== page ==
Governance’s boring reputation is only sometimes deserved. It is often left in the pile of things it would be nice to have the luxury to discuss. Instead people get by with second-rate, second-hand, recycled governance that a previous board put together because they didn’t have to deal with Austerity, Brexit, Covid, and the rest of the alphabet of changes and challenges which could probably go all the way to Z. To leave governance to previous boards and internet searches is obviously a mistake, but not only because outdated, ineffective governance is in itself a serious problem, but because it miscasts governance in the wrong role in the band. Sure, governance is never going to be the lead guitarist or singer that gets everyone out of their seats at a concert (this conference aside, perhaps), but nor is it a tour chaperone who wants to make sure the band get to bed by 1030 with a mug of Horlicks. In my experience, governance is the drummer.
The first and most obvious connection is that drumming and governance keep people to the beat they agreed they’d play to. Vision and values may be exciting to talk about and display on a website, but it’s good governance that enables them to be effective and move through an organisation. Whether it is a front of stage, high profile project, a behind-the-scenes audit, or the way staff and volunteers are managed, governance keeps the rhythm by which the organisation runs. Having a common understanding of when things are done, how things are done, and why things are done is fundamental to any effective organisation.
The beat of a drummer is also an invitation for others to join in, and this is especially important in place-based work. It is all-too easy for governments and organisations to stage cash bombs, shiny buildings, and stunning projects that are exciting and create headlines. When the money runs out, the buildings change use or close, and the projects come to an end, it is the way the organisation has been governed during that time that will have ensured there is a network of people still around through whom the work will continue. In place-based work especially, governance is effective when it asks who is not in the room, who is being ignored, and who isn’t being safeguarded appropriately? These are the kinds of questions that open who has the right not just to belong to an organisation, but the right to shape the present and future of their own local neighbourhood.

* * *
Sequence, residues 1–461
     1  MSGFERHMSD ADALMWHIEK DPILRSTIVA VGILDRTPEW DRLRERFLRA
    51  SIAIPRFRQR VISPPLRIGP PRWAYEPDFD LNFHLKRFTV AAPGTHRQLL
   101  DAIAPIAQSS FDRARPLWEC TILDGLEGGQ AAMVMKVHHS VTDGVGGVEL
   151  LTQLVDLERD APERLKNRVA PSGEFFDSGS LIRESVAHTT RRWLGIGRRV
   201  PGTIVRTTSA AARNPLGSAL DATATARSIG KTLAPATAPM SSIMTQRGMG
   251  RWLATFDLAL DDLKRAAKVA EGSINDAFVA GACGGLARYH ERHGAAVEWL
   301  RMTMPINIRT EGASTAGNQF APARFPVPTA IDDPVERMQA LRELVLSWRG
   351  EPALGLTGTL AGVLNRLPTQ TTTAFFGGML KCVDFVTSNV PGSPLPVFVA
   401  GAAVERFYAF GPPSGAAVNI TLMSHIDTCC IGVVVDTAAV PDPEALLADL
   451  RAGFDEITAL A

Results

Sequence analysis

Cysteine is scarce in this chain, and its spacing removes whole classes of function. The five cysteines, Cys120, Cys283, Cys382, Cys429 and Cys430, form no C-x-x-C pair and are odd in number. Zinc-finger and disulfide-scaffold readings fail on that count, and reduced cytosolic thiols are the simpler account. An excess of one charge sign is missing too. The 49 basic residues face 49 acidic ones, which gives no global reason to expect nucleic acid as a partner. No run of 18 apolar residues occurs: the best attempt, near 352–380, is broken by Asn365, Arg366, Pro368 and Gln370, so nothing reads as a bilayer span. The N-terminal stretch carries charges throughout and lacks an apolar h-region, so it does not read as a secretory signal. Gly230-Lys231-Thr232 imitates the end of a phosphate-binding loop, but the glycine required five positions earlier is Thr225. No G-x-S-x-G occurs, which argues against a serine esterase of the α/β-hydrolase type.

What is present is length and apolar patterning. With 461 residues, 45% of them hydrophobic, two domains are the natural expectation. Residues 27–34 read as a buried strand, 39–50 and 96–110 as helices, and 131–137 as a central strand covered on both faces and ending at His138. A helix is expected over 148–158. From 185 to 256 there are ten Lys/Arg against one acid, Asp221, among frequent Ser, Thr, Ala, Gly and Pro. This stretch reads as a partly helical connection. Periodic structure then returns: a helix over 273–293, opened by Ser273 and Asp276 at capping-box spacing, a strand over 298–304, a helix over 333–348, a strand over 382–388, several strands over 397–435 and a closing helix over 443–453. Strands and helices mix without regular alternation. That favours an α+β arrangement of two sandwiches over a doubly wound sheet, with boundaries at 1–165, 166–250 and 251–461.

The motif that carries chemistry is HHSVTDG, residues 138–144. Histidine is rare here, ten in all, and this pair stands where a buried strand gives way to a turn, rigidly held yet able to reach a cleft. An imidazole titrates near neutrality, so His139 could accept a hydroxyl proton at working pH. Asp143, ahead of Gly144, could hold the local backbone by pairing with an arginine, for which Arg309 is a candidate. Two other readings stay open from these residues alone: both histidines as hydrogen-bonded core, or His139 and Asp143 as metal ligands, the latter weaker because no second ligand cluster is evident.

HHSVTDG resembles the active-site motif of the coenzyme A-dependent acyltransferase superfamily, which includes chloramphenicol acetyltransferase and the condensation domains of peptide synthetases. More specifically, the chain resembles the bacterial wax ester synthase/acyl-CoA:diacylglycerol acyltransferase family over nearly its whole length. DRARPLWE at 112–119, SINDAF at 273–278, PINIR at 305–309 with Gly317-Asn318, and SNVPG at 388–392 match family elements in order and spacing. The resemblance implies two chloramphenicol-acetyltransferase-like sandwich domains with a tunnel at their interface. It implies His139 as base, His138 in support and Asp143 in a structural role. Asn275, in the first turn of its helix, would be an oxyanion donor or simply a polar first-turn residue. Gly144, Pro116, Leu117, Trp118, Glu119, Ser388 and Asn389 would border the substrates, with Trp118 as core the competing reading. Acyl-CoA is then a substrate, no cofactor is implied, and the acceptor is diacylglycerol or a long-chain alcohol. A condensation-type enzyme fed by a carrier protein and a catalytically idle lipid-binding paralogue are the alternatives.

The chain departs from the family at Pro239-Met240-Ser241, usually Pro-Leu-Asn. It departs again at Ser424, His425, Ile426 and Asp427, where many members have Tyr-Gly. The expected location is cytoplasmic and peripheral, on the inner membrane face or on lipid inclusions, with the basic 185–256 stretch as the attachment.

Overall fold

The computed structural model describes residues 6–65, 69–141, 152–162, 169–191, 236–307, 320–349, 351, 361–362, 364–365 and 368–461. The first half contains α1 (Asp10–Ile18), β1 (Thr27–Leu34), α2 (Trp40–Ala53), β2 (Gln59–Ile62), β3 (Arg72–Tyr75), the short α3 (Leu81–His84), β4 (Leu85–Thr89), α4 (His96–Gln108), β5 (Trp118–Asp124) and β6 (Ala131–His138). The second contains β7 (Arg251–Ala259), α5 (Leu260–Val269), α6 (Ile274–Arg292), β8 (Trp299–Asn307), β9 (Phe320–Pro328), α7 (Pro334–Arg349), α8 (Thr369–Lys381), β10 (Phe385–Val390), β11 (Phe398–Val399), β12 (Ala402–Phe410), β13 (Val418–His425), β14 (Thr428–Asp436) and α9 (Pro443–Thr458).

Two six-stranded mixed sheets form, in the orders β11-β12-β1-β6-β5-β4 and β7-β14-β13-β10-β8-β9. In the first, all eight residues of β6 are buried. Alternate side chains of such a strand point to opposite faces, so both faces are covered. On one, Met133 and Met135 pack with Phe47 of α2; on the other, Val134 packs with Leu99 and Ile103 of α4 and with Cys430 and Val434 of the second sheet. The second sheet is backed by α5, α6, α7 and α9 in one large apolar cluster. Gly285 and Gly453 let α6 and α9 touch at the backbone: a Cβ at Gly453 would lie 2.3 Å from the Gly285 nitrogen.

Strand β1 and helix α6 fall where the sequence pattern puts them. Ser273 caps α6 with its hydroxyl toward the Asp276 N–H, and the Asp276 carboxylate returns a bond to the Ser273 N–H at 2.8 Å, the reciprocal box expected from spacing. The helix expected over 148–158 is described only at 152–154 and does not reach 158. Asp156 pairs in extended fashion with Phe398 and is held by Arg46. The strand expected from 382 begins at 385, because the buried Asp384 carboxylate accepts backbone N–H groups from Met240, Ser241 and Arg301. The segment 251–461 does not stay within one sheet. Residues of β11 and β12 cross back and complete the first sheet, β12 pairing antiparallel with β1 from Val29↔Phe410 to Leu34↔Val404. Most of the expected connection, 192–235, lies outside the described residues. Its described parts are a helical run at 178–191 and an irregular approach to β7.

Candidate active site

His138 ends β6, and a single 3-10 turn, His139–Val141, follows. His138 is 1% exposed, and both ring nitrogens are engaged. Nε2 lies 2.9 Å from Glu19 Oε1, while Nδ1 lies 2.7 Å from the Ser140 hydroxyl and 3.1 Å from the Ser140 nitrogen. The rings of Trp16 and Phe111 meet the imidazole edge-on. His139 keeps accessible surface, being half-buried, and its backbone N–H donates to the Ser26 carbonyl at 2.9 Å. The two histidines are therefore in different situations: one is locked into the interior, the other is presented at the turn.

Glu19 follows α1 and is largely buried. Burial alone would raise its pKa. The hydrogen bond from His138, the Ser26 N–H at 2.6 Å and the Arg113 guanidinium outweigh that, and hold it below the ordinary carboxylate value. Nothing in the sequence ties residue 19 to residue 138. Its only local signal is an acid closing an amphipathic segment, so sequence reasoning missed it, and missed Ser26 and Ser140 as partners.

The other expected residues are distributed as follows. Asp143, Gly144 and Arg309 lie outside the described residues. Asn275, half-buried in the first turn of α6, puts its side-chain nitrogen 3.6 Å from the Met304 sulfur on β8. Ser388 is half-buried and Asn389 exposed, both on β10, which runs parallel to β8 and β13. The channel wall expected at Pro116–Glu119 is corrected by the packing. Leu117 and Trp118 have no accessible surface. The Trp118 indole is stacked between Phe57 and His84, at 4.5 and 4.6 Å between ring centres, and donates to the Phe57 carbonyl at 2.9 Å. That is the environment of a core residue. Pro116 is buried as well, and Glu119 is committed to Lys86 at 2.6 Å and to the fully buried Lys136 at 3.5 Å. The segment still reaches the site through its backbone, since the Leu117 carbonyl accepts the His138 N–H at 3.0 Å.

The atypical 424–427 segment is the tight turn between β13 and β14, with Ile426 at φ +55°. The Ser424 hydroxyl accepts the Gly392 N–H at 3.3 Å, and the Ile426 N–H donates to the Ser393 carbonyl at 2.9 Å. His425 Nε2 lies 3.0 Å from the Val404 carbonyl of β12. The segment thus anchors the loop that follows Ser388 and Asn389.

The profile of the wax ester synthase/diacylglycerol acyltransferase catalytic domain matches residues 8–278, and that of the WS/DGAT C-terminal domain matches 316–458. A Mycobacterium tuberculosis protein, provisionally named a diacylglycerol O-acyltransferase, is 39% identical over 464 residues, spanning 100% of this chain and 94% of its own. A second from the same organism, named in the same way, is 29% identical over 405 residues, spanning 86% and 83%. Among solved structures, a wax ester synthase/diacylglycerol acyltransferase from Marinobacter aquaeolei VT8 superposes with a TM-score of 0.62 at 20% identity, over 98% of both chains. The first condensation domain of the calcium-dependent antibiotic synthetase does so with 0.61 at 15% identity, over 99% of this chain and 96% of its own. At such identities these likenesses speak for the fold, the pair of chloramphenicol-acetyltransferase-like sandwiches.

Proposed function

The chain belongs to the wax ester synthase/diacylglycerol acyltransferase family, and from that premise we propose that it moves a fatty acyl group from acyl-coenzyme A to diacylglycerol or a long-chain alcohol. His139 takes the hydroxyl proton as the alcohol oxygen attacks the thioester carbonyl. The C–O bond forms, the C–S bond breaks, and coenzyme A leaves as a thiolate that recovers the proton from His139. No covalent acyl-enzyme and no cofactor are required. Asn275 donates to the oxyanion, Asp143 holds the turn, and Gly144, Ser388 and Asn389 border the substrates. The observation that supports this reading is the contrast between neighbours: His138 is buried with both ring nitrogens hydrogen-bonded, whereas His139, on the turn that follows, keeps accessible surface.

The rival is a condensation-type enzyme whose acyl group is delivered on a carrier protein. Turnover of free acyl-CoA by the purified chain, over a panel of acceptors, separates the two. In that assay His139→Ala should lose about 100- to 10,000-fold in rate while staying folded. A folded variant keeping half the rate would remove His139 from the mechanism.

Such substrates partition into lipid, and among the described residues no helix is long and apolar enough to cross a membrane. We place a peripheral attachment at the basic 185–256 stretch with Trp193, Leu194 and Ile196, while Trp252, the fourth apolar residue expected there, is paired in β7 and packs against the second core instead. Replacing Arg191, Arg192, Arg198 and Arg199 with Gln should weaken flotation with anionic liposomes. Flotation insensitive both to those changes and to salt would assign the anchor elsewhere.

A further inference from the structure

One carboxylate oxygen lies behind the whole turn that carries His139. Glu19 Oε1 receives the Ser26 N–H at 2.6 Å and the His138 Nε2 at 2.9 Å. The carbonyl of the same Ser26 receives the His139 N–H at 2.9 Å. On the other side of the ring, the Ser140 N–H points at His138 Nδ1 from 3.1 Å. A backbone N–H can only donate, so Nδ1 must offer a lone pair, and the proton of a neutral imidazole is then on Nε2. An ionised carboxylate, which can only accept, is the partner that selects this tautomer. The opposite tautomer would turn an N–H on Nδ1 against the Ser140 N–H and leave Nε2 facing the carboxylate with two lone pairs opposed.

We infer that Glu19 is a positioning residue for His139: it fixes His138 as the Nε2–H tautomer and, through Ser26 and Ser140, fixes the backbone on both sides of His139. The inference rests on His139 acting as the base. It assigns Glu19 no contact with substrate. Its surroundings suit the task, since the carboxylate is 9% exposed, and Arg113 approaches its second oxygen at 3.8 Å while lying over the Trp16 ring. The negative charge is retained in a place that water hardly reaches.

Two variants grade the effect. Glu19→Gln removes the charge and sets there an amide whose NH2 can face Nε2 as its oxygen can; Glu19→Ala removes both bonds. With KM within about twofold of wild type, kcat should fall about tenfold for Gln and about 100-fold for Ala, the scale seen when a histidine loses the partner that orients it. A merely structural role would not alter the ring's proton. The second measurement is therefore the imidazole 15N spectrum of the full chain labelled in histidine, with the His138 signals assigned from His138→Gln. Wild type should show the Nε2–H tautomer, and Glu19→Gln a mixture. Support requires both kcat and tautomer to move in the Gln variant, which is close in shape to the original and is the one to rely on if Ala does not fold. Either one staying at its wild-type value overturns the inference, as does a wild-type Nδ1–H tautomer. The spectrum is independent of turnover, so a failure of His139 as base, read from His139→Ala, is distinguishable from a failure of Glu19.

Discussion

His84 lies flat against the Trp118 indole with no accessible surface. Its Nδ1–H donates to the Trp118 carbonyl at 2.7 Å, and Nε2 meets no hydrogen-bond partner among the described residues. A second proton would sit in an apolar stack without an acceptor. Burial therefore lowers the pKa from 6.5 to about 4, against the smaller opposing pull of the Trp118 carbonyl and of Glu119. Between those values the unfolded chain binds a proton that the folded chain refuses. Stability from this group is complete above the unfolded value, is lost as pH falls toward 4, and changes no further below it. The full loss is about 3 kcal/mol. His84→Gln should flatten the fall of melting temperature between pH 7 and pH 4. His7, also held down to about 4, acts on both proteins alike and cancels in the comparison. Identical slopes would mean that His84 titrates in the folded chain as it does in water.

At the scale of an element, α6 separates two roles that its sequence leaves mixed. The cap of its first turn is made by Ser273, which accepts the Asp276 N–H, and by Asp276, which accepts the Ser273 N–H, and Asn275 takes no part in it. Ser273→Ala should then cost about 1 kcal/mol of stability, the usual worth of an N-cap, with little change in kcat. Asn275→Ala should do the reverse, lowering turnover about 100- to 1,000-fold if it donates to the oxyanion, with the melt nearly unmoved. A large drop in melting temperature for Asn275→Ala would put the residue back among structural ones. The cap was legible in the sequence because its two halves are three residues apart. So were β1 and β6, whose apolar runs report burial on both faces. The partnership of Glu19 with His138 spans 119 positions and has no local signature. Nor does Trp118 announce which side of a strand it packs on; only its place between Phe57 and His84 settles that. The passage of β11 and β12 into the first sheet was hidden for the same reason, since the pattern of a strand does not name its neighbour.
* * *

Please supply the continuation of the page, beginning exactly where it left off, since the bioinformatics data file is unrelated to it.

And of course drumming doesn’t mind what you bring to join in with, whether it’s a tuba or tambourine, a tango or a tap dance, or just enjoying it in the background over a coffee. This is fundamental to all governance, but is acutely felt in place-based work. If we have learned anything from being surprised by how our neighbours voted in the Brexit referendum, living through multiple lockdowns, and movements like Black Lives Matter, it is that ‘us’ has been defined by those who enjoy positions of power. The kind of governance that runs through successful place-based work enables people who are profoundly different not only to collaborate on a project, but to create a shared vision for their world that takes account of their difference. It also allows people to see more clearly the power structures they live within, and begin the work of challenging and deconstructing them. This ability of governance to hold together people who are different is the energy that drives the kind of place-based work that lasts.
But at this point we need to down drumsticks. Place-based governance significantly diverges from a drummer in band because communities have had enough of the successful project roadshow. Place after place have been sold tickets to something which, they were promised, would be the answer to all of their supposed problems. Most of these approaches have been well-meaning, but most have failed to deliver meaningful and lasting change. The best kind of governance isn’t represented by the hero drummer on stage but by the coming together of national, regional, and local people and groups to find and begin the kind of rhythm that will create movement that is inclusive, effective, and sustainable. Co-creating and sharing governance makes clear that local change is something that takes longer than the lifespan of a project, is bigger than any one organisation, and isn’t being started from scratch. It enables local, organisational, and personal stories to be told in a way that informs a way to move forward without nostalgia or simplicity, enabling a shared responsibility that itself brings about the kind of complex togetherness that enables lasting change.
Senior Consultant, Green Park - Written December 2022
We hope you’ll join us at Governance Now: Championing Communities — the flagship conference for culture sector trustees and professionals.
Governance Now takes place from 09.45-18.30 on Wednesday 8 February 2023 at Midlands Arts Centre, Birmingham. Join the conversation and book your ticket now.